Book Review: Moby Dick, by Herman Melville

You may be asking yourself: “Moby Dick, eh? Not exactly current fiction, Mr. Blogger.”

No, it’s not. But if it’s good, it should be read. This is a good book. It’s a classic 1.

Published in 1851 (happy 155th anniversary!), Moby Dick is an originally rendered tale told by Ishmael (whose last name we never know…in fact, we never learn the full names of any of the characters), a young veteran of the merchant marines who longs to find work (and a new life) on a whaling vessel. Naturally, his interests take him to Nantucket, Massachusetts, where he finds a ship waiting to sail – the Pequod. With the help of an exotic tattooed harpooner, Queequeg, he hops aboard willingly, despite the warnings of a street prophet regarding the Pequod’s captain – Ahab.

Once aboard and sailing, the narrative eventually inverts from the wide-eyed first-person accounts of the opening to third-person, peppered with Ishmael’s astute observations – it’s clear from this narrative transformation that Ishmael himself becomes subsumed by his experiences at sea aboard the Pequod, obsessed with the details of her crew and captain, and with the object of their profession: whaling.

The problem begins soon after setting sail; Ahab, a remarkably bleak and forceful figure, announces that – contrary to their practical purpose – they have an ultimate quest ahead: to find and kill the White Whale, Moby Dick. This single whale, we learn, is the burning flame which drives the Pequod’s captain to “monomaniacal” ends, Moby Dick having claimed Ahab’s leg (and perhaps a part of his soul) on a previous voyage.

As the novel proceeds, the reader is consumed by the everyday life of a whaler at sea: the sometimes savage danger, the simple yet sublime pleasures, and the technologies of the day. Everyone from the sail-mast lookout to the blacksmith, from the cook to the boatsmen who trawl for prey – whales, and most importantly, their precious oil – are drawn in colourful detail. Readers expecting a fast-moving plot line should note that Moby Dick takes great pains to paint the seafarer’s life, specifically the dying years of the whaling industry (at least as it existed in its heyday); as such the novel has its peaks and valleys as regards pacing. I refuse to take the “this is an old book so you have to disregard its old style” stance – though it’s a masterpiece, its strengths will only be rewarding to those with a little patience.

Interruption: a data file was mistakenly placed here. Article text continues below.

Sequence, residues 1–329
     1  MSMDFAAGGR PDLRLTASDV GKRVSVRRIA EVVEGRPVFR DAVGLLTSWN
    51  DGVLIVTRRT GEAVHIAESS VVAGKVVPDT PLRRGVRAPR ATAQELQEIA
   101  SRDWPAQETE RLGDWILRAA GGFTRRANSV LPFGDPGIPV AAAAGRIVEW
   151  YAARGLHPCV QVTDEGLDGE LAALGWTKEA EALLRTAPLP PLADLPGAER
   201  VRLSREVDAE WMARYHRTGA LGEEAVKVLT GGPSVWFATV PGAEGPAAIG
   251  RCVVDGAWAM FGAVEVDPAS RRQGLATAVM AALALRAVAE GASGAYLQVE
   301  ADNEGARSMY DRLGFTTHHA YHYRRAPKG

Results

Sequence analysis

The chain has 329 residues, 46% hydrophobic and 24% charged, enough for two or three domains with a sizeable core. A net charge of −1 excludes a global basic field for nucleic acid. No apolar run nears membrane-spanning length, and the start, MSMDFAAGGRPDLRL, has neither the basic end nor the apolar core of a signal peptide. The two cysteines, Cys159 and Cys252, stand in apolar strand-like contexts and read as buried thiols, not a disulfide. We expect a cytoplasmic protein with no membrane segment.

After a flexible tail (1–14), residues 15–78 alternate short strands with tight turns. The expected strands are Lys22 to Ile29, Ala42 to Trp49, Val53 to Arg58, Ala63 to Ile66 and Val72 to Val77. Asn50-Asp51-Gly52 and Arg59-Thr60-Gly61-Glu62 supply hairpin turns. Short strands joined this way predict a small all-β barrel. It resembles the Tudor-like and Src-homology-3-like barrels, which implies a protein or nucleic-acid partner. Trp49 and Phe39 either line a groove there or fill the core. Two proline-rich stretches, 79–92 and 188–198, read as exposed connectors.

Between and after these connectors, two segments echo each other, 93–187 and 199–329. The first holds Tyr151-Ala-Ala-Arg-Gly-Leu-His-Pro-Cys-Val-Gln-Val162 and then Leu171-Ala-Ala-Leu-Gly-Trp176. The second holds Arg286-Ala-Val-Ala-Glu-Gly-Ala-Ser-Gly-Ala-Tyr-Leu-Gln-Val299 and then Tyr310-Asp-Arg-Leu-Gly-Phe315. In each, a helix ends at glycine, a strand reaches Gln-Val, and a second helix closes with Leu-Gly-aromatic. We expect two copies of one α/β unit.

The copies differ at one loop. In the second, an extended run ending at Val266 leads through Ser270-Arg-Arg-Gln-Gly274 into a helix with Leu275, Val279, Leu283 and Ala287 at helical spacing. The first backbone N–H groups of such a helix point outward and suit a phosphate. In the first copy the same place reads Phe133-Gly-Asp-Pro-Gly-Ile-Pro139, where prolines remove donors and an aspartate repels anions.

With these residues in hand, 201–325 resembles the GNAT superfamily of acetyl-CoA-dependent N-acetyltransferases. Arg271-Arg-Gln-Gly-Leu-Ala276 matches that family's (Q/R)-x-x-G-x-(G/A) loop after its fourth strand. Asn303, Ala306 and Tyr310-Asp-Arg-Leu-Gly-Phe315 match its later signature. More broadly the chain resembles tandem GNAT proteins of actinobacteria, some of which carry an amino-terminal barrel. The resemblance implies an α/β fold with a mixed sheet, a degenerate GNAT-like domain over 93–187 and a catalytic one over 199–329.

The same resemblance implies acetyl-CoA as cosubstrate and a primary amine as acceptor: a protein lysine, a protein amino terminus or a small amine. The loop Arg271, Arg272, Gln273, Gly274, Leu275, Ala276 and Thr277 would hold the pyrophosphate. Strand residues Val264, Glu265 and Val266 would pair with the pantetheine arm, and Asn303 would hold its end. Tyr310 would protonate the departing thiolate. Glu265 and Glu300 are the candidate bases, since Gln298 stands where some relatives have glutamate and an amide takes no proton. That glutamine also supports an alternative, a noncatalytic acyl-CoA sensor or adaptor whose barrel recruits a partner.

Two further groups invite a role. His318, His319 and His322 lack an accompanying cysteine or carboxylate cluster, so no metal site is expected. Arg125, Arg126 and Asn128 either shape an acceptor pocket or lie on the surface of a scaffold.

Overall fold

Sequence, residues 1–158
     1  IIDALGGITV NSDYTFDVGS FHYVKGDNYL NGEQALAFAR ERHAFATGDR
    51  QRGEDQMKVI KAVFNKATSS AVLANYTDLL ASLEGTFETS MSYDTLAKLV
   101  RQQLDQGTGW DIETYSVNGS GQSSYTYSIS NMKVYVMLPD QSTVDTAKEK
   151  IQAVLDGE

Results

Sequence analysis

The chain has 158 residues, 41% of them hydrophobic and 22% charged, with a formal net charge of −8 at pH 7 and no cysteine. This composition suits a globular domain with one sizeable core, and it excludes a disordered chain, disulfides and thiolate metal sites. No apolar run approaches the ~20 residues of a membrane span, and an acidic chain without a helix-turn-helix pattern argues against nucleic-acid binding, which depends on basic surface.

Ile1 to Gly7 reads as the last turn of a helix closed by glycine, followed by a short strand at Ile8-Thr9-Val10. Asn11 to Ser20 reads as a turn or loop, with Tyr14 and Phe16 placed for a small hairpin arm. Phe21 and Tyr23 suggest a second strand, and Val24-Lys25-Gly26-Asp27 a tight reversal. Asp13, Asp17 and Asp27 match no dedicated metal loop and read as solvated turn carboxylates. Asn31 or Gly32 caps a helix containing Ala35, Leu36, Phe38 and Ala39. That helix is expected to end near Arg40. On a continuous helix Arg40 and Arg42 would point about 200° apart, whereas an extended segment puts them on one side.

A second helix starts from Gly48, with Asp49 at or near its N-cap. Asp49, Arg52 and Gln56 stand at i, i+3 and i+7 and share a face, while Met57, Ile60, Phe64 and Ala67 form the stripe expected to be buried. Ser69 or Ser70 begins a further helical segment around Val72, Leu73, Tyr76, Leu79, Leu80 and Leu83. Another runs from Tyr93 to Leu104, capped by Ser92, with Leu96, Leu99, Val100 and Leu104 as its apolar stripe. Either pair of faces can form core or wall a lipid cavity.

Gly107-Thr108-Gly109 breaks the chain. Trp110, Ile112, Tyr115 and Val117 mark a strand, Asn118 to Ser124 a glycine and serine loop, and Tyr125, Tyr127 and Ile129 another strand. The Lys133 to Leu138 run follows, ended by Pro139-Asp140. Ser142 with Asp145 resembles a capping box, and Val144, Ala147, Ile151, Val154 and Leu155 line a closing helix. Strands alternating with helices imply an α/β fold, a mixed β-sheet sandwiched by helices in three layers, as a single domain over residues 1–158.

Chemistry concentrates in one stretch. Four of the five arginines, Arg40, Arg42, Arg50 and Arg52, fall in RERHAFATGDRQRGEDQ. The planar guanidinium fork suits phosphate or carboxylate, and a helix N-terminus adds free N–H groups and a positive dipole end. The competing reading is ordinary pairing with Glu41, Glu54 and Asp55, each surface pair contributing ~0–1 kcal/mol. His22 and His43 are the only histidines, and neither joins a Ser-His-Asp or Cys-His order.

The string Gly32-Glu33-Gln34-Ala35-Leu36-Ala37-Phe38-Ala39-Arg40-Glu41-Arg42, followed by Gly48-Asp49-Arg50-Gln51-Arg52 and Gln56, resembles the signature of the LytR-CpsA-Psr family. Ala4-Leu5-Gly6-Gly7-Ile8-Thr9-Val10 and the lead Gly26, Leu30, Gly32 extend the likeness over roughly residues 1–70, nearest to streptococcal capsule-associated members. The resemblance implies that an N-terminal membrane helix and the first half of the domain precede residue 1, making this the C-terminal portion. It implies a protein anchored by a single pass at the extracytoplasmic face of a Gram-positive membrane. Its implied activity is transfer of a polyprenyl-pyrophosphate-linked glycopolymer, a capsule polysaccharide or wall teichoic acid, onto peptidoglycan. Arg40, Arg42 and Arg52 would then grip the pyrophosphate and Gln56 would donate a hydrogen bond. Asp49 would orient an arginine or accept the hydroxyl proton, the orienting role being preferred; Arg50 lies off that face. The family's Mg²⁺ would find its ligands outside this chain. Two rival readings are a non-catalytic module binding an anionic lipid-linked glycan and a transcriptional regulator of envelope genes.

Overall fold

Moby Dick is probably one of the best-written novels I’ve read. Melville is a writer’s writer; he loves language and is very particular about how he describes the life of his characters without it becoming an academic exercise, nor are the allegorical elements cryptically depicted so as to make reading it in a non-allegorical frame of mind impossible. Take any of Ahab’s monologues and read it aloud: you will instantly notice the cadence and perfect shape of the sentences – it’s like hearing Shakespeare. The book is rife with symbolism: the ship is the world, the crew its people. Moby Dick itself becomes a symbol of the capricious result of the burgeoning 20th-century-man’s fateful need to conquer nature.